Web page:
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Gramona Grand Cuvee Cava 2008
Critical AcclaimAll Vintages
Gramona is located in the Penedes region of Spain just 45 minutes from Barcelona along Spain's Mediterranean coast. The Climate in the Penedes is mild and warm, benefiting mostly from a Mediterranean influence. However, as the differences in elevation are quite dramatic (with some vines at over 700 meters), there are many microclimates in the zone. Soil in the region is not particularly rich in organic material (as is often the case in great winemaking regions) with high levels of sand and clay.
Gramona is, unfortunately, one of the last remaining family-owned cava houses of the Penedes. Here, elderly ladies from the village carefully wrap each bottle before being packed for transport and the entire operation is carried out by people who love the family and the estate. For the property, their reference points are in Champagne in France, and they regularly taste wines from this area next to their own (with often astonishing results). However, pricing remains very low compared to even the most mundane, negociant Champagnes on the market. These are some of the best values in our portfolio.
Known for bold reds, crisp whites and distinctive sparkling and fortified wines, Spain has embraced international varieties and wine styles while continuing to place primary emphasis on its own native grapes. Though the country’s climate is diverse, it is generally hot and dry. In the center of the country lies a vast, arid plateau known as the Meseta Central, characterized by extremely hot summers and frequent drought.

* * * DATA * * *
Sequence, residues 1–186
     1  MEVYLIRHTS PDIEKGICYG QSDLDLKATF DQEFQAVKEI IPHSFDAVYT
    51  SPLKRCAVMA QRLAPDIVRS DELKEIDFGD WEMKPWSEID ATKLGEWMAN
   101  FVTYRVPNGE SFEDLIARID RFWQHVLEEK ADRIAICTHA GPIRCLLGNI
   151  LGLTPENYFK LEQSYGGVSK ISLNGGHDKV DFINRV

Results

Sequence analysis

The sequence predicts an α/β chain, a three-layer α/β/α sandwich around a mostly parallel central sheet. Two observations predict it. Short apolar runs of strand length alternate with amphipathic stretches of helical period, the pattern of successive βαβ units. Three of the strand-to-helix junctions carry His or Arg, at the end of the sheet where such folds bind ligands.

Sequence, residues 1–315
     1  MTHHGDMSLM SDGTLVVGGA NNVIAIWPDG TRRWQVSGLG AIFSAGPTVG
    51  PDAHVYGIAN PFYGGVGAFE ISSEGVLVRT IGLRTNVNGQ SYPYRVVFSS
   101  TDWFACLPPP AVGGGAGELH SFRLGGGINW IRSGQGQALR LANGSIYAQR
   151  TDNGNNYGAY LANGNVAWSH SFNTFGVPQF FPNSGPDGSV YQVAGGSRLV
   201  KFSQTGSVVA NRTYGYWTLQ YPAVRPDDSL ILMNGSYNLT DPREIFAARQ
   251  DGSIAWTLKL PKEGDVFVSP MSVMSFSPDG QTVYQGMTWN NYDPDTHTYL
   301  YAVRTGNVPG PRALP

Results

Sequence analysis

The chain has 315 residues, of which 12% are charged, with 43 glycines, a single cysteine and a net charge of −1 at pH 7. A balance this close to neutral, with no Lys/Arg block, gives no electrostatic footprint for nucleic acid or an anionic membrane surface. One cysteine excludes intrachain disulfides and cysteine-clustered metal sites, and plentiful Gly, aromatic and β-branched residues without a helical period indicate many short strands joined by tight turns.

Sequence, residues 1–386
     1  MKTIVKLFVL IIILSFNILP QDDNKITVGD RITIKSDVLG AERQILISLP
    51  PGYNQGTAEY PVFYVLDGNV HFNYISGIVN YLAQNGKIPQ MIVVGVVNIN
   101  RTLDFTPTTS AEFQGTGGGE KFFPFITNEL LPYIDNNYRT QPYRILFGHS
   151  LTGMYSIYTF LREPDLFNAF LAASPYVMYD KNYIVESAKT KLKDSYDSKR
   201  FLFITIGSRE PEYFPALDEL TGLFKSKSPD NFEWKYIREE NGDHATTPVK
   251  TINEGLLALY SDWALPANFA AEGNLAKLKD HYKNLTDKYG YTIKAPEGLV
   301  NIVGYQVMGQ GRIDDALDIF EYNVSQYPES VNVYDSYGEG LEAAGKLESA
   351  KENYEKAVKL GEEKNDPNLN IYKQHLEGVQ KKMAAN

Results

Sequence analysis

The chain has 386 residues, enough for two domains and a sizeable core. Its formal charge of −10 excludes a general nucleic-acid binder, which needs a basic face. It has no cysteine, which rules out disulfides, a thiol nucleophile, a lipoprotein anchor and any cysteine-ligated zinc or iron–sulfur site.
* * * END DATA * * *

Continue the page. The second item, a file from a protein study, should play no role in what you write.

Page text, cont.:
Ribera del Duero is gaining ground with its single varietal Tempranillo wines, recognized for their concentration of fruit and opulence. Priorat, a sub-region of Catalonia, specializes in bold, full-bodied red blends of Garnacha (Grenache), Cariñena (Carignan), and often Syrah and Cabernet Sauvignon. Catalonia is also home to Cava, a sparkling wine made in the traditional method but from indigenous varieties. In the cool, damp northwest region of Galicia, refreshing white Albariño and Verdejo dominate.
Representing the topmost expression of a Champagne house, a vintage Champagne is one made from the produce of a single, superior harvest year. Vintage Champagnes account for a mere 5% of total Champagne production and are produced about three times in a decade. Champagne is typically made as a blend of multiple years in order to preserve the house style; these will have non-vintage, or simply, NV on the label. The term, "vintage," as it applies to all wine, simply means a single harvest year.